And yet. What do I see and experience? Am I being stretched by growth pains? Am I really all that different today from who I was two or ten or fifteen or twenty years ago? Has "Christ in you" (me) (Colossians 1:27) radically altered who I am, how I think, what I say, where I go, how I spend my time and money, or what I live for? And yet.
Transformation of our lives is to be the norm for Christ-followers - "For those God foreknew he also predestined to be conformed to the likeness of his Son" (Romans 8:29); "And we, who with unveiled faces all reflect the Lord's glory, are being transformed into his likeness with ever-increasing glory, which comes from the Lord, who is the Spirit" (2 Corinthians 3:18); and "My dear children, for whom I am again in the pains of childbirth until Christ is formed in you" (Galatians 4:19). Conformed, transformed, formed all point to the same spiritual reality - there is to be less of Tim and more of Christ in my life as time goes on.
The painstakingly slow process of spiritual growth can be discouraging. Recently I was reminded of a theological truth that provided encouragement. I was reading J.C. Ryle's classic book on Holiness written in 1877. In a section of how justification and sanctification differ Ryle writes, "Justification is a finished and complete work, and a man is perfectly justified the moment he believes. Sanctification is an imperfect work, comparatively, and will never be perfected until we reach heaven. Justification admits of no growth or increase: a man is as much justified the hour he first comes to Christ by faith as he will be to all eternity. Sanctification is eminently a progressive work, and admits of continual growth and enlargement so long as a man lives." Ryle wants us to realize that justification is instant but sanctification is gradual.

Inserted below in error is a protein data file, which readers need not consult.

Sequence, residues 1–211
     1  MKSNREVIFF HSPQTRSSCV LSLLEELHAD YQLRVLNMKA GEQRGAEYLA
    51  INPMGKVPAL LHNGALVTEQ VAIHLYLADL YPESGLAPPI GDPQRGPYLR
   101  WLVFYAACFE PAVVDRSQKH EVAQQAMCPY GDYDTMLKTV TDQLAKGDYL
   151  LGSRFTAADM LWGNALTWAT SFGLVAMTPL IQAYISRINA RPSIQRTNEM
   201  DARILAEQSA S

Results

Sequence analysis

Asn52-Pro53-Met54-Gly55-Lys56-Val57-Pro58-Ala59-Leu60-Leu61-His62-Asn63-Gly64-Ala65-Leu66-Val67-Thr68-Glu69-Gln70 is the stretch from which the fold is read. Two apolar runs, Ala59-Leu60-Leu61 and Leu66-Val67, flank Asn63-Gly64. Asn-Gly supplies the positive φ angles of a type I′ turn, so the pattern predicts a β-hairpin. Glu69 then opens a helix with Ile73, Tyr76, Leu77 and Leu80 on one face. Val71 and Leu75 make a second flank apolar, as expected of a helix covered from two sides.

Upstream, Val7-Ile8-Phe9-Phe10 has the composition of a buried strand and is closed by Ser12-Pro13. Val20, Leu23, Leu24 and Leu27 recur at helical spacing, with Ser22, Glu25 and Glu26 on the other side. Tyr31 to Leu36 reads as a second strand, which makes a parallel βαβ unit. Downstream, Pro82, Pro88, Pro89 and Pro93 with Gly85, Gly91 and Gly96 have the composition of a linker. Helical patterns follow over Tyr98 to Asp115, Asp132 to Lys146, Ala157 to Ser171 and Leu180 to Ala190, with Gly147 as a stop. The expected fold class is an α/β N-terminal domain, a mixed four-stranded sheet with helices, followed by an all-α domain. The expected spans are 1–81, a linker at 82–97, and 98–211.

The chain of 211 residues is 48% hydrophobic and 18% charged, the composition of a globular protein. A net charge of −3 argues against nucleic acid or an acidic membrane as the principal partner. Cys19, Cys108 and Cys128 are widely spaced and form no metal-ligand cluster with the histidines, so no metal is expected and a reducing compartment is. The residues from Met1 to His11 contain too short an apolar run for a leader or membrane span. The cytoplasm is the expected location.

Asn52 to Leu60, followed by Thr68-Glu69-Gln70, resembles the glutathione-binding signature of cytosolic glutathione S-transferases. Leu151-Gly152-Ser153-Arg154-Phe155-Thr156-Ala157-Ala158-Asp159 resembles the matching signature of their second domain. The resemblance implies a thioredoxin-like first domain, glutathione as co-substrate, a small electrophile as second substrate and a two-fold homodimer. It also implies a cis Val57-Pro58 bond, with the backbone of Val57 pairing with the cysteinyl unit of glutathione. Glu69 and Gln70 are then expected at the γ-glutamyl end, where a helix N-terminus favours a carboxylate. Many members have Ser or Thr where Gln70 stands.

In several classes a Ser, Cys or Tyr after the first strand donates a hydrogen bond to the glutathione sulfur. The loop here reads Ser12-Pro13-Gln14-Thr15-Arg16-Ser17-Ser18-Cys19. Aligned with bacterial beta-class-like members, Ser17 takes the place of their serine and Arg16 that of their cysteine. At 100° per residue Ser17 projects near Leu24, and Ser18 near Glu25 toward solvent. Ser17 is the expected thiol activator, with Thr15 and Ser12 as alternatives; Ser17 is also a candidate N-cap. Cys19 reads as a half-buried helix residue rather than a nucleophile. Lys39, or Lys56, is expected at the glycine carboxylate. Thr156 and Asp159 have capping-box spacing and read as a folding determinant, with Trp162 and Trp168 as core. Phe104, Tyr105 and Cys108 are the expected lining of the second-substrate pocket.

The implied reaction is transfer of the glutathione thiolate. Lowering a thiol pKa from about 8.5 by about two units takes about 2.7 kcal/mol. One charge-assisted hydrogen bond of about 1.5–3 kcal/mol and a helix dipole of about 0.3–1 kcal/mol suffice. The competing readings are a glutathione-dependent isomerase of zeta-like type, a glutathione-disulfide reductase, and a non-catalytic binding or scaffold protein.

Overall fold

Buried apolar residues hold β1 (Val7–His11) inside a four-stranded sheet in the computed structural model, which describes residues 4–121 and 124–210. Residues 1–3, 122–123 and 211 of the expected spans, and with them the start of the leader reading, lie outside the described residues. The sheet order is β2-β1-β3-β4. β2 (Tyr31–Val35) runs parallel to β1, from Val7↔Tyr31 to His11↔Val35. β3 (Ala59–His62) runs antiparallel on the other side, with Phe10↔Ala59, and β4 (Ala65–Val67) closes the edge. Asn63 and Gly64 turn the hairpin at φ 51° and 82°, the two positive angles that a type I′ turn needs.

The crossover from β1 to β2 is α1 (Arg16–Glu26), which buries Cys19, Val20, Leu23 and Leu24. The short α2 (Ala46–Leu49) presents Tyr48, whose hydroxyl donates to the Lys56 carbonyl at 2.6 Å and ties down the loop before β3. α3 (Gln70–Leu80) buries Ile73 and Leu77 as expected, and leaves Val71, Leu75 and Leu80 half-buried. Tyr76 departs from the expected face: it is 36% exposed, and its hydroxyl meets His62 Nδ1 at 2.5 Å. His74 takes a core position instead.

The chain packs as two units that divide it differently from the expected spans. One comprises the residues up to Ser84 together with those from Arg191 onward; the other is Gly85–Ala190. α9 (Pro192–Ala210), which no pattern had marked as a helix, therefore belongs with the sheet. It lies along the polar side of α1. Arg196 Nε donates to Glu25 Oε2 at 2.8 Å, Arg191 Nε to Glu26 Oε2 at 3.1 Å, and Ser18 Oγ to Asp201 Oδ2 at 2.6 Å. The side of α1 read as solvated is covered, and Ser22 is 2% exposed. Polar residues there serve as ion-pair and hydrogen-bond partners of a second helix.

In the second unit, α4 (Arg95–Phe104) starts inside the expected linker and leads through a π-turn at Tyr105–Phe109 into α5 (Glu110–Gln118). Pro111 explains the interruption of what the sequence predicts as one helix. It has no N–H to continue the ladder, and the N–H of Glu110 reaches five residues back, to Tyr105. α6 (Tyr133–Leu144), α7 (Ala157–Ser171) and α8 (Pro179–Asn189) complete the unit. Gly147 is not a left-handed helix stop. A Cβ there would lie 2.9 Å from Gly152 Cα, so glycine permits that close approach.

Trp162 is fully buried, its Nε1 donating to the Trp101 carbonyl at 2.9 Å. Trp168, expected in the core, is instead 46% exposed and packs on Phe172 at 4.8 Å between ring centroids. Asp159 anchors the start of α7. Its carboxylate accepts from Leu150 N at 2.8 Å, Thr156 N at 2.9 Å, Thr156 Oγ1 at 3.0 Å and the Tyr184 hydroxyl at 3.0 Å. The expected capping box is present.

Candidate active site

Ryle again, "Let us not expect too much from our own hearts here below. At our best we shall find in ourselves daily cause for humiliation, and discover that we are needy debtors to mercy and grace every hour. The more light we have, the more we shall see our own imperfection. Sinners we were when we began, sinner we shall find ourselves as we go on; renewed, pardoned, justified - yet sinners to the very last. Our absolute perfection is yet to come, and the expectation of it is on reason why we should long for heaven."
Don't mistake Ryle as someone who is soft on sin. He takes sanctification just as seriously as he takes justification. He works hard not to confuse the two. And all through Holiness he persistently fixes our attention upon Jesus, "The Lord Jesus has undertaken everything that His people's souls require; not only to deliver them from the guilt of their sins by His atoning death, but from the dominion of their sins, by placing in their hearts the Holy Spirit; not only to justify them , but also to sanctify them."
I am thankful for these good words from J.C. Ryle!